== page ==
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NOTEBOOK: Leaders Survey: Affordable housing, remote working


Editor’s note: This is a continuation of our 2021 Leaders Survey coverage, which we began publishing in the Nov. 26 issue. Our annual survey asks business leaders to share what they feel are some of the top issues affecting business in Central Iowa, and in particular the Greater Des Moines region. As you read, you’ll see the responses and also select remarks from those who opted to leave comments as they took the survey. 

This year’s guest editor, Jake Christensen, is the founder and president of Christensen Development. He provided analysis of each question.


Agree or disagree: 
Developers should be required to have an affordable housing component to receive public tax incentives.

Guest Editor Jake Christensen: The responses to this question were nearly split. This points to the complexity of the issue and may also reflect a lack of understanding of the challenges to creating affordable housing. The most successful neighborhoods include multiple types of housing and multiple income levels within the neighborhood.  

The development of any housing unit comes with fixed costs associated with the development. The most cost-efficient way to add affordable units is to average them within market-rate projects. The fixed cost per unit is spread over all units, reducing the financial gap to create the affordable unit. When municipalities assist projects through tax incentives, the municipality should be able to require developers to meet design standards and neighborhood goals as part of the development agreement. 

Agree. All income levels inherently pay property taxes. The entire housing supply market at multiple price points needs to be incentivized, but cities can’t do that across multiple projects from different owners, so it’s left to being only within a single project. Unless somehow incentive funds can be put into a common pool for a separate project.
Todd Kielkopf, president, Kielkopf Advisory Services

Agree. Developers get my money (taxes), they should not increase the adverse effects of gentrification that may ultimately affect some other problems that are going to be asking for my money (taxes).
Bryan Myers, senior vice president, Neumann Brothers

Agree. Currently there are not enough government and philanthropic resources to provide every Central Iowan with safe, stable and affordable housing. Adding the private sector as an additional funding source can help fill that funding gap.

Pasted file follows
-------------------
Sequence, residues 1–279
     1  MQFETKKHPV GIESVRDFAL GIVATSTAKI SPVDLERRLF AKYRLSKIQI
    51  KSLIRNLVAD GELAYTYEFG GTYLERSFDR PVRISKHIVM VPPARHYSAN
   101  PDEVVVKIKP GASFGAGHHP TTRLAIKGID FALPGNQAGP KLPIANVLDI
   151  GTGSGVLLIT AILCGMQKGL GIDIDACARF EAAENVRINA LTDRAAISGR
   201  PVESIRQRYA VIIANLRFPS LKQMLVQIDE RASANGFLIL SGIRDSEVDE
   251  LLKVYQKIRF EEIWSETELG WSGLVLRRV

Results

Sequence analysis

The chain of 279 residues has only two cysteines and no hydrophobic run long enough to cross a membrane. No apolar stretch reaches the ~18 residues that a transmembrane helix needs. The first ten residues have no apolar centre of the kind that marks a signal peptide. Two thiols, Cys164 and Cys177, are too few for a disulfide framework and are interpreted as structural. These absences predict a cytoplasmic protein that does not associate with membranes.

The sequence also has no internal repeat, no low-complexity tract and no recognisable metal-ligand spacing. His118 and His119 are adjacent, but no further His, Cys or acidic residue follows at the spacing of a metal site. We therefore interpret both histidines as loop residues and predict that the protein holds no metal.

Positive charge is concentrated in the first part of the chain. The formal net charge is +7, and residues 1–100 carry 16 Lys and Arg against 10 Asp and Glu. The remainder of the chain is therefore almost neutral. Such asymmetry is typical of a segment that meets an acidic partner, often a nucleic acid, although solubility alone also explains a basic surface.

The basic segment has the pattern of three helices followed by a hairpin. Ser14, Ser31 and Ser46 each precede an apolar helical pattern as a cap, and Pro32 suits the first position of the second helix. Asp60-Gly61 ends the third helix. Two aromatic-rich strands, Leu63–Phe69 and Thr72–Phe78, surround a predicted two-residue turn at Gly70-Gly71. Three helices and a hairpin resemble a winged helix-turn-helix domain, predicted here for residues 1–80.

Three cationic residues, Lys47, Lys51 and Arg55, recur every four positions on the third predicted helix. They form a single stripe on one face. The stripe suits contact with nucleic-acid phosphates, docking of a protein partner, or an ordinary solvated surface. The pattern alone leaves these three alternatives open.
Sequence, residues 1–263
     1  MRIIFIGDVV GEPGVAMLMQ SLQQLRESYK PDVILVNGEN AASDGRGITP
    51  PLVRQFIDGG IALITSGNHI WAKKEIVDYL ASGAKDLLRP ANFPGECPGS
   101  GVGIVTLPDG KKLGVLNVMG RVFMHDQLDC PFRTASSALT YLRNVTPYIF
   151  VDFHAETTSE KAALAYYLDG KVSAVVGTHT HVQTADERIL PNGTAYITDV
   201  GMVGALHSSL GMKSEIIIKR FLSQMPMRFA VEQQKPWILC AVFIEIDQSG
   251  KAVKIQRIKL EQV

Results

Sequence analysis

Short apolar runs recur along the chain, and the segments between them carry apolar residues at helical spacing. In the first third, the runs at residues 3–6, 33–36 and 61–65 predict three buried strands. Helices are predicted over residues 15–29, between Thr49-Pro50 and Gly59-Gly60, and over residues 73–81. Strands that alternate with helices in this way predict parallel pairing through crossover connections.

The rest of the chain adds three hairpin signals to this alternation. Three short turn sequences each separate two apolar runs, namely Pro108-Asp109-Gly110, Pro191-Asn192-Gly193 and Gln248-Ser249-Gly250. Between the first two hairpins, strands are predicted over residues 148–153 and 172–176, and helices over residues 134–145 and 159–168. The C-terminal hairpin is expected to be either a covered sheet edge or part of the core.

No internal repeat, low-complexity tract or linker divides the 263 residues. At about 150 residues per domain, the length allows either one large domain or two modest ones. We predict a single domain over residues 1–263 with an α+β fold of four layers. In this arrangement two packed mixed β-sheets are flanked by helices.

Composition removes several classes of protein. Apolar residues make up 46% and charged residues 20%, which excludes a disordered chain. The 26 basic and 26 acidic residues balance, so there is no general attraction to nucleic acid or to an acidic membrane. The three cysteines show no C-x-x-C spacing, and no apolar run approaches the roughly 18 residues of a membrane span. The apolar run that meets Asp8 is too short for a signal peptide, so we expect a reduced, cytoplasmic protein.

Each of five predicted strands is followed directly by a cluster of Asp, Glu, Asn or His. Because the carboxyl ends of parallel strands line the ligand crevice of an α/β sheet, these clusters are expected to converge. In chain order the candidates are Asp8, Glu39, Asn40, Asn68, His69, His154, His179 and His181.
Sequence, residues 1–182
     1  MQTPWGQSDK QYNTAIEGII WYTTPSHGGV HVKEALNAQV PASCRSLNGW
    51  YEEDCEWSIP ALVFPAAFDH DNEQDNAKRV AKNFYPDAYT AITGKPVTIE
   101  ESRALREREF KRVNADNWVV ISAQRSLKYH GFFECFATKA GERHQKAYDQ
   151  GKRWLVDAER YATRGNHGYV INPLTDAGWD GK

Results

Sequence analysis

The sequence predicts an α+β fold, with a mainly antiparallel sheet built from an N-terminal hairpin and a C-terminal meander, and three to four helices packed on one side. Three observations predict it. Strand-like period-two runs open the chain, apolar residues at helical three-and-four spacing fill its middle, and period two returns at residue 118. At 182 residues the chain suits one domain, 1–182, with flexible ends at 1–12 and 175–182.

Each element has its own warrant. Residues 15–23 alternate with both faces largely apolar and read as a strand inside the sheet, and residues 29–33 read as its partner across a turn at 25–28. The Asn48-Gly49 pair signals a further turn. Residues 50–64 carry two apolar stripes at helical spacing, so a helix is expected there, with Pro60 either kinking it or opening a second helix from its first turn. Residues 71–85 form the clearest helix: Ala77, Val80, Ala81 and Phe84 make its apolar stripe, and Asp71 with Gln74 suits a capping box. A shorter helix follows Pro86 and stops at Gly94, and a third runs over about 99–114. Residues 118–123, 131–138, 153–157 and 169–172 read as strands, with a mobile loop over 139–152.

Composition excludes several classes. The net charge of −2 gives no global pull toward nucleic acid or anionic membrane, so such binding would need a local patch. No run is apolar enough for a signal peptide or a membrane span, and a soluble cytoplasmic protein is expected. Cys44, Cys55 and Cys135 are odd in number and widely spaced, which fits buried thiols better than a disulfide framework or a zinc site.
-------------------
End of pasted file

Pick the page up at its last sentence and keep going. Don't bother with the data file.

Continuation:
Eric Burmeister, executive director, Polk County Housing Trust Fund

Disagree. This definitely feels like the wrong question. This type of approach is at least partially responsible for the housing crisis we are facing, so following the same path isn’t going to produce any different results. To affect the affordability and availability of housing, we have to think and act differently. We have to decrease the level of unnecessary regulation, end the weaponization of the zoning codes and stop treating those who work with their hands as second-class citizens.
Dan Knoup, executive officer, Home Builders Association of Greater Des Moines

Disagree. Every project should take into account the area median income of the workforce and strive to provide housing that fits all demographics.
Wade Hiner, president, sales and marketing, Destiny Homes

Disagree. Public tax incentives should be available for affordable housing. If private and public funding would facilitate an economic return to the developer, then workforce housing will be built.
Mike Zuendel, founder/CEO, Legacy Bridge Private Family Offices

Disagree. Before an affordability component should be required, it is important to know what is really missing in our community. We need to define affordability. Most [low-income housing tax credit] projects are for 60% of median income and below. I believe that is too narrow a group. I believe the group that is missing out is the area above this, up to 150% of median income, but we really do not know. That would be the first step.
Rick Tollakson, CEO, Hubbell Realty Co.

Disagree. Developers have a singular responsibility to look after their own income/expense profile. They should not be receiving public tax incentives, therefore they should not be providing an affordable housing component.
Kenneth Stinson, principal, Northwestern Investments


Agree or disagree: 
Remote working (for industries where it’s possible) increases employee productivity.